When you just need 20 minutes to catch your breath and begin again..... I would love to share that time with you right now!
Being a yoga teacher is not easy, it's not always glamorous and there is a lot, a LOT of leg work you have to do to get to a place that you see others at. Most teachers you look out at have worked their asses off and then some and are still working 26 hours a day to get it right. And if they have not gone that road, they are the few that are just really lucky.
I started out as a yoga teacher and I was barely 19 years old. My students were mostly old enough to be my parents and I was not a collage graduate with a fitness related degree or business related degree. I had two other jobs besides teaching yoga to make sure I filled my days and could pay my bills. I lived in my car and bought all my props out of my own money so my students could have the best experience possible. I made up flyers for classes at many of the locations I taught because I saw that if I got one person from those I was ahead of the game, no one told me to do that and in less than pleasant weather I would walk the Walmart parking lot and side streets putting my flyers on car windows. I'd go to all the coffee shops around and post appropriate flyers for the classes in that area I was teaching (no one told me to do this by the way). Again if I could get one student, that was a win for me.
I never waited for someone to give me an idea or an opportunity I went out and got them myself. I never saw the studios, gyms and rec centers I taught for as responsible for my success as a teacher but rather that they were giving me a chance to expose myself to as many people as possible.
Some day's I'd wake up at 5am to drive 40 minutes to a studio I taught at to do a 30 minute private class for an elderly lady with MS, then I'd get a coffee or do a self-practice or read for an hour and a half until I had a class 8am, to then drive 50 minutes back to lifeguard and teach a few swim lessons in the afternoon. In the evening I'd be out to any of the various locations I hustled at and taught one, two even three classes for the night, and sometimes not all at the same location (hustling again).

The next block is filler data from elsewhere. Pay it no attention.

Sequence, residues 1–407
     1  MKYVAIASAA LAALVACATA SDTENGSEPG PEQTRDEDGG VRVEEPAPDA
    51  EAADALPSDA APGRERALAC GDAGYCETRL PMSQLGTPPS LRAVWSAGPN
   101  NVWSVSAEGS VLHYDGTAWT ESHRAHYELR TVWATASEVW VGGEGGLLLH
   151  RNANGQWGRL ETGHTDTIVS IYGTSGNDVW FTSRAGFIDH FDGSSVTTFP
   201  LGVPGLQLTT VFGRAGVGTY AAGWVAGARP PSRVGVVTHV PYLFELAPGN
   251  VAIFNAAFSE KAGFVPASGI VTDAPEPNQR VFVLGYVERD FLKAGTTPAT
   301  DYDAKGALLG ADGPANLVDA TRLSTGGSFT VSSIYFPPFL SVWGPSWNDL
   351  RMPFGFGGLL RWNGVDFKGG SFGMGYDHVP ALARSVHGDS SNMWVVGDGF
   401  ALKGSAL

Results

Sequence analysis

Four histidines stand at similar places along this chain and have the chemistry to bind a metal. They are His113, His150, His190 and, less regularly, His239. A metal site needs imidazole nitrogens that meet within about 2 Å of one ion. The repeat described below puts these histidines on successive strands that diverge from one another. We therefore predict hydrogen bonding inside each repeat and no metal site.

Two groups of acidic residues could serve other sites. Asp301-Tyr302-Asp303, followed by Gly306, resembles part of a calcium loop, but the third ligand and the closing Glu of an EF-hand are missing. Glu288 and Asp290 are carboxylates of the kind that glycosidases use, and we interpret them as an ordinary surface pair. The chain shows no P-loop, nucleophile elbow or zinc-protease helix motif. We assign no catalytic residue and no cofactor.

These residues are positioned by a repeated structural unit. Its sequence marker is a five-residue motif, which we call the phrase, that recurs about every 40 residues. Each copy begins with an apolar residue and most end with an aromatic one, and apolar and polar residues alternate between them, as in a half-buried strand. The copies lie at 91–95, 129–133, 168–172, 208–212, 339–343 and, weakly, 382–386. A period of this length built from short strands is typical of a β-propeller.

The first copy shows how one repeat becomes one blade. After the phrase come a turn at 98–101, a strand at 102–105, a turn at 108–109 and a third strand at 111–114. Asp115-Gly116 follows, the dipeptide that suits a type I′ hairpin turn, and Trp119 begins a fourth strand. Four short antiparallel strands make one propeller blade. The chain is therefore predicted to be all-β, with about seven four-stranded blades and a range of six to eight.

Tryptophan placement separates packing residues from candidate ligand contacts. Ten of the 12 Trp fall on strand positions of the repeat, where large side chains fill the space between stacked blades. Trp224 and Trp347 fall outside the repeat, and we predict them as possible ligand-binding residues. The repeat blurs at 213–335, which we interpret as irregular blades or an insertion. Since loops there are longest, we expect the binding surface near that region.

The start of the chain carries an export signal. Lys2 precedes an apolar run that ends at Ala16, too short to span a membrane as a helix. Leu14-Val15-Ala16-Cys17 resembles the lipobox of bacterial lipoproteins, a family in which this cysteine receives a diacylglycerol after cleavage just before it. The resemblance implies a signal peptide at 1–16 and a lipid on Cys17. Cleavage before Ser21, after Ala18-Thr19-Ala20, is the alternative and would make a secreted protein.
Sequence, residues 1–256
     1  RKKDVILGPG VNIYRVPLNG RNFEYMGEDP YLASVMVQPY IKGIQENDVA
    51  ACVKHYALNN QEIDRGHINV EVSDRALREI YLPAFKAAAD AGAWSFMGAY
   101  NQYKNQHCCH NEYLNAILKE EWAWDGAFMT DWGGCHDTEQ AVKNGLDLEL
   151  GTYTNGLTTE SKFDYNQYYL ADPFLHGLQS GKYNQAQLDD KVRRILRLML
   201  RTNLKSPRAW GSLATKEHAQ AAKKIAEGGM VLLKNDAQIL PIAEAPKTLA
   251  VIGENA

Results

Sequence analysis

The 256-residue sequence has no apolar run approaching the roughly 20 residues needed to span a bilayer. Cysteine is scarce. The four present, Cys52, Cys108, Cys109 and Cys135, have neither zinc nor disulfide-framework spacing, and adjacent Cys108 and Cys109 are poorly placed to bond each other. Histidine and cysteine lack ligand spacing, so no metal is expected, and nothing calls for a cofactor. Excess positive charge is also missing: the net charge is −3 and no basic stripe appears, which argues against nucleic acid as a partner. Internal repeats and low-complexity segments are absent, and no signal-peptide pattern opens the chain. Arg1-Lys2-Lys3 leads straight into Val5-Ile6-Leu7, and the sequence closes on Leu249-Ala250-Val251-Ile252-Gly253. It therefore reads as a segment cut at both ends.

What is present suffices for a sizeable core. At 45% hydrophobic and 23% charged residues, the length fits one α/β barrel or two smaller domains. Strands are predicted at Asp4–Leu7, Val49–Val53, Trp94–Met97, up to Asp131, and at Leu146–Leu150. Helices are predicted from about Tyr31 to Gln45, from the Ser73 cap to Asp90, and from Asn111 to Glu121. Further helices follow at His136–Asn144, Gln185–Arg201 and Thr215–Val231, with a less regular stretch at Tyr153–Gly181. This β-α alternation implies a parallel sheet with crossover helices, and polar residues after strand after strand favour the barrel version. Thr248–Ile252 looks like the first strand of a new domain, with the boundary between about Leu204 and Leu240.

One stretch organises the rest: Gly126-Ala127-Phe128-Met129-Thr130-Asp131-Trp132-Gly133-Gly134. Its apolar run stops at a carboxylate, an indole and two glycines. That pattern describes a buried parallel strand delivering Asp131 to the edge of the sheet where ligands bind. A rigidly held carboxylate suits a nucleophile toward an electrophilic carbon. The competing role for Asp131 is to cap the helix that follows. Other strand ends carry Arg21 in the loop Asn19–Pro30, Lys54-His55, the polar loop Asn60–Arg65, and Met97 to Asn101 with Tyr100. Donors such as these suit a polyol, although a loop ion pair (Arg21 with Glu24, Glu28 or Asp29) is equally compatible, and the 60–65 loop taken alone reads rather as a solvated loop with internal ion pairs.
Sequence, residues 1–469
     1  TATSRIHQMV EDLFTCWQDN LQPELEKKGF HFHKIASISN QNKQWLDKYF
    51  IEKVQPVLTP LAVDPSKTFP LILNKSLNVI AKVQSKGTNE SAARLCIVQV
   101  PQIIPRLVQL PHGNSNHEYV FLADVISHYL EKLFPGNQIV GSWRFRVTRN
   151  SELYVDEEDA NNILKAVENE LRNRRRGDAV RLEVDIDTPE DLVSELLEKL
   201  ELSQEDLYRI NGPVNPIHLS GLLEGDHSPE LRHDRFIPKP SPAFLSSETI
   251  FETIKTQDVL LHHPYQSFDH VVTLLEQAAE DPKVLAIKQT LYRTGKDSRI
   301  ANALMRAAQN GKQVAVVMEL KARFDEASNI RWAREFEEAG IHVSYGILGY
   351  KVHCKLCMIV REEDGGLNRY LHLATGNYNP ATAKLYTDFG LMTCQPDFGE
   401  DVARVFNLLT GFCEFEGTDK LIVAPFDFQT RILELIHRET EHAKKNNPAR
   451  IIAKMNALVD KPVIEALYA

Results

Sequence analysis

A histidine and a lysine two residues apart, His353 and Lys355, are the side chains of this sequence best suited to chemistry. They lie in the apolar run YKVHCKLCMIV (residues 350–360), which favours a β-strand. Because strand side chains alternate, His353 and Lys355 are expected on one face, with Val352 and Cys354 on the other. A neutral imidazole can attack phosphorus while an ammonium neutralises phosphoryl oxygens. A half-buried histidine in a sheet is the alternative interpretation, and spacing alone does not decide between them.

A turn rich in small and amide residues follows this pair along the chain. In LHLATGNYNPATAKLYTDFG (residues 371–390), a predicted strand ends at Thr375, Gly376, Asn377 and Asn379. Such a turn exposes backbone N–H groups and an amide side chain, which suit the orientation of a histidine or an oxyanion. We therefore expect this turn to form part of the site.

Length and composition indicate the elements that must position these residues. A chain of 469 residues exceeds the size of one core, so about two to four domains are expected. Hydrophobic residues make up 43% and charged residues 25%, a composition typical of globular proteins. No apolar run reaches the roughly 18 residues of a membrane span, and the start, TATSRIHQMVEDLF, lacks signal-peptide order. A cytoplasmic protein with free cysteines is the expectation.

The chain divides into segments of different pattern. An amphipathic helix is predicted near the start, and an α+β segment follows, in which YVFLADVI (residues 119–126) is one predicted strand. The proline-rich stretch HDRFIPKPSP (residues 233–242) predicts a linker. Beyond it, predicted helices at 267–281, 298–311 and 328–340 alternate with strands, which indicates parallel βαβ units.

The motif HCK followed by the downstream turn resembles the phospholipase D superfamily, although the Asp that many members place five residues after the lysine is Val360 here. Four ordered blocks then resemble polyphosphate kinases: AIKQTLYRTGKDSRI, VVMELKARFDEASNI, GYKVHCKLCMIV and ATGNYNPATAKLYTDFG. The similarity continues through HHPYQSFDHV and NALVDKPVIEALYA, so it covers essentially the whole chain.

I have never taught routines and in the first several years of, teaching I was incredibly self-critical, feeling I was not a good enough teacher, that at times broke me down, I had bouts of crying, feeling I couldn't make it, that I wasn't good enough, and oh by the way I was newly in recovery for an eating disorder dealing with all the shit that goes with that, I would have to continuously pull myself together to teach and my mat is what saved my life and has helped make me who I am today.
I guess what I am trying to say is if you are expecting that when you become a yoga teacher that it's going to be wonderful and easy, that the students will just flock to you, in kindness, think again. No one told me what to expect about anything when I went into this, I hadn't a clue how to do much of anything except for my 6, one hour class outlines I had in my folder when I left my training. Being a yoga teacher long term has to be something you feel deep in your heart, no your soul, it's something that will bring you to the pits of your being, exposing all your insecurities when students either judge you or appear to be and you have to find it in yourself to deal with it. When your class sizes swing by the tens and you must remember that shit happens and most likely it’s not you as long as you know you are doing all you can to succeed. I’d hear students comment on that their backs hurt or over hear in a crowd that their instructor does this or that, and I’d make a mental note to not do that or to learn more about what they were talking about.
It's a mind game of rejection and acceptance when your classes take months, no YEARS to stabilize and gain approval from your community. I spent months and months and months when I opened my studio building up classes, time slots and new styles of yoga. I'd come home to my husband and he'd ask how many people and I'd say one or two and after a few months maybe four, and in the following weeks the same four again, it was years later of extensive effort, trust and belief that I was able to make things work.
You can’t be wishy-washy when you decide to be a yoga teacher and you must be willing to step out and take risks and most importantly follow through; ideas are one thing but actually putting them into action is another. I am the kind of person that continuously self reflects and asks what can I do better, what am I doing wrong and how can I change this? I am an action taker and am willing to go the extra mile. Is that the description of a yoga teacher, maybe, maybe not, but when you add a side of honesty your students learn to trust you.
Being a yoga teacher cannot be about the money no matter how many yoga teachers out there are teaching you the business of yoga and how you can make a six figure income doing so, in all reality very few will (for various reasons). And again I repeat to be successful in life you must follow your heart with honesty and integrity and then the money, if it’s your path, will come. My path has taught me to rely on no one to do things for me and when necessary ask for help, but don’t expect others to do your dirty work no matter where you teach, where you work or where you live.